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The Malapit group embraces diversity and inclusion. We are more than committed — we treasure the core values of humanity: respect to others, sensitivity to other cultures, tolerance of differences, and appreciation of diversity. We are more than welcoming — we embrace our differences and empower each other. Our group believes that transformative relationships are key to unlocking everyone's potential. We will succeed by including in our strategies, ingraining in our culture, and reflecting in our behaviors, principles and practices of diversity, equity, and inclusion.

Every week, a member of the group presents a topic on inclusion, diversity, wellness, and safety (see slides above for examples of topics we discuss). We discuss — and we have learned that the evidences, the history, and research data tell us what we need to do. We act — and we help each other to strengthen our courage to rebuild the system of research and academia in a way that is just and equitable for all.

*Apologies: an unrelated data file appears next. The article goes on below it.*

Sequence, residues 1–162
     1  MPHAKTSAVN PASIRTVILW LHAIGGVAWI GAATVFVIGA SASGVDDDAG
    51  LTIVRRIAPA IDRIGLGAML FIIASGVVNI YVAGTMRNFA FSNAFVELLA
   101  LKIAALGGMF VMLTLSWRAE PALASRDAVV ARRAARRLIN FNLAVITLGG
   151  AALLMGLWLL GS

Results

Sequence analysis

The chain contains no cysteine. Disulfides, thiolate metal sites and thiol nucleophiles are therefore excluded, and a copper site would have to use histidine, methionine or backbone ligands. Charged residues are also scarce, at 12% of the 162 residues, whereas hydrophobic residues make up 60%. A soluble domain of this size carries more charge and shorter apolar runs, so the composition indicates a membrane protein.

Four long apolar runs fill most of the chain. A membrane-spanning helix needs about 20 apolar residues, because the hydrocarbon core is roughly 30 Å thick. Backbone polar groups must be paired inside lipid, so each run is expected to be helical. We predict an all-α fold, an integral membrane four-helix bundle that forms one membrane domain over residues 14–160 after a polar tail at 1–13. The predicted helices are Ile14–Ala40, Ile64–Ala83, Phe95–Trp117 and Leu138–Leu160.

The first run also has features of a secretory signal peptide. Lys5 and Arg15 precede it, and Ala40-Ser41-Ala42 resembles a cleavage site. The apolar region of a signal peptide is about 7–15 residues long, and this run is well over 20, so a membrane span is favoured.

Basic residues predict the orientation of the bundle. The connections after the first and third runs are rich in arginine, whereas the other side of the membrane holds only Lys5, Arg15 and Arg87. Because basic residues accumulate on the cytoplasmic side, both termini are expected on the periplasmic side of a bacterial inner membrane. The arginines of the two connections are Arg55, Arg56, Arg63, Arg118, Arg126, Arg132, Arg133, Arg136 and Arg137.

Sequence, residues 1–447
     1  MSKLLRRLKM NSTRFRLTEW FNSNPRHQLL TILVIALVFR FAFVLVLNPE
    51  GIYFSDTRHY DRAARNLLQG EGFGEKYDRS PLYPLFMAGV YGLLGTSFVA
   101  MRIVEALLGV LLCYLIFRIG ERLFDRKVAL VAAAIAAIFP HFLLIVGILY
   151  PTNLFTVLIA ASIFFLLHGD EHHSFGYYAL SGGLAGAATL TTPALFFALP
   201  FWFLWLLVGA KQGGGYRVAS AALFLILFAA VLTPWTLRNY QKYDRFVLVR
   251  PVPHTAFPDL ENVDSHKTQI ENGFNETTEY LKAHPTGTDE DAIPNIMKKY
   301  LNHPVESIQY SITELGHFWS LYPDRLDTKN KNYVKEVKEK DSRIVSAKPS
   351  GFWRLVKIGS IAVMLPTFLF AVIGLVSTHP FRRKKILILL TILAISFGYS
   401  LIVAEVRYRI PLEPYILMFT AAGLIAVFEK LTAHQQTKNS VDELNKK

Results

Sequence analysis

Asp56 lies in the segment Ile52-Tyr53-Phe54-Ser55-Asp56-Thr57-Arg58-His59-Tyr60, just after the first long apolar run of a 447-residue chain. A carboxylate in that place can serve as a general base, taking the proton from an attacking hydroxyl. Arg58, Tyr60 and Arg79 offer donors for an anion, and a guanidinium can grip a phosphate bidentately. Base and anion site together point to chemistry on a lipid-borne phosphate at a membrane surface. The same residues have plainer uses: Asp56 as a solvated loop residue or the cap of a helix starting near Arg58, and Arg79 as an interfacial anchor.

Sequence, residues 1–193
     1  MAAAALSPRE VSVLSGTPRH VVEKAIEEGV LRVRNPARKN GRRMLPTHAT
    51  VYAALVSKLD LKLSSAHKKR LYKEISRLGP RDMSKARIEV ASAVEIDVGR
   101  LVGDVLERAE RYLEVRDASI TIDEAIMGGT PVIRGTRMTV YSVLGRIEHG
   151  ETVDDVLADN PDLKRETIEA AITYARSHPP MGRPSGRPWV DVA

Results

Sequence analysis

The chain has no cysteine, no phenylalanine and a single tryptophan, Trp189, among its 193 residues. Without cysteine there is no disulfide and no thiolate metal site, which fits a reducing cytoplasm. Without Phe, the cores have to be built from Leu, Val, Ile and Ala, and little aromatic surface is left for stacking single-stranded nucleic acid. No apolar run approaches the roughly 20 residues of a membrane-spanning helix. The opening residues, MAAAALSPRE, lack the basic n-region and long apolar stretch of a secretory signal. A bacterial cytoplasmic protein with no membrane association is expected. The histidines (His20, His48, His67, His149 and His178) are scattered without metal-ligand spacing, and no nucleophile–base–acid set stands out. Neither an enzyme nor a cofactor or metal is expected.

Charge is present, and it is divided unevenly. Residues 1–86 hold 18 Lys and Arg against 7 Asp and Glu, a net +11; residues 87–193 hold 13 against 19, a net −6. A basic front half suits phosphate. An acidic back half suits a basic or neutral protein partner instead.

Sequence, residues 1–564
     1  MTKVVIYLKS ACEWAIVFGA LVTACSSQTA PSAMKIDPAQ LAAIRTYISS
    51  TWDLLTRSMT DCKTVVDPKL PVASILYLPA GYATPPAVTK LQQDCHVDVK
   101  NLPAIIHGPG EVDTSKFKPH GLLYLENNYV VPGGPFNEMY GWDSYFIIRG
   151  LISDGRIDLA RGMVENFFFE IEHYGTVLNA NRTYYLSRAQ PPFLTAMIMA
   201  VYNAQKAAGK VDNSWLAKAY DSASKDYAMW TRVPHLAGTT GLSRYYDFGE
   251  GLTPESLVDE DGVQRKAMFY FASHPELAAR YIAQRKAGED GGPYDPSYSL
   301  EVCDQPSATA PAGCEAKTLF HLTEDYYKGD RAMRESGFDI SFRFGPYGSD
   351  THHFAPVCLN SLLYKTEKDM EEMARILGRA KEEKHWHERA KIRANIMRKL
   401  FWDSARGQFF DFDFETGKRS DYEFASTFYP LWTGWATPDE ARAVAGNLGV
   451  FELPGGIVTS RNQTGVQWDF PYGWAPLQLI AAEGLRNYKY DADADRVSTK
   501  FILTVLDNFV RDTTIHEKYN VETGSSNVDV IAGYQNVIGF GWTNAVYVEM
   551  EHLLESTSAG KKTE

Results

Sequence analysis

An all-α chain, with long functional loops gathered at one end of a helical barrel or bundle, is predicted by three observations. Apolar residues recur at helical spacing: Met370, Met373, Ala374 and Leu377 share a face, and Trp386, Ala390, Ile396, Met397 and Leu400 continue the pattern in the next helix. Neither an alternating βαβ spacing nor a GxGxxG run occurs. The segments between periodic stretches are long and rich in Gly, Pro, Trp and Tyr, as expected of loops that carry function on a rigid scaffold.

To request a copy of the full presentation slides, please contact Mohammed Ullah at

   "I had the privilege to directly mentor over 20 graduate and undergraduate students during my graduate and postdoctoral studies. Mentoring is something I am highly passionate about and I am excited to teach and mentor students in an effort to cultivate their skills as independent scientists and innovative thinkers.

    Commitments to diversity, inclusion, and equity efforts are central to my experiences and my future goals. I came to the US as a graduate student from the Philippines with experiences inimitable to many. I grew up in a hometown where the supply of electricity and clean drinking water is limited. The obstacles and economic hardships that I needed to overcome taught me to be resilient and motivated me to get to where I am today. I will continue to use these experiences to recognize and empathize with students who confront challenges on their way to achieving their educational goals.

    During my graduate and postdoctoral studies, I was privileged to participate and contribute to mentoring and in DIE efforts. As an inaugural member of the DEI Committee at the Department of Chemistry of the University of Utah I got to represent and advocate for international scholars and the members of the LGBTQ community. As a mentor to six pilot Science Research Initiate undergraduate researchers, a McNair Scholar, and SACNAS members – all coming from different backgrounds, I am dedicated with full engagement in improving the culture in science. Above all, I am excited to mentor and share the priviledge of doing science with a purpose to talented scientists and future leaders." - C. A. Malapit

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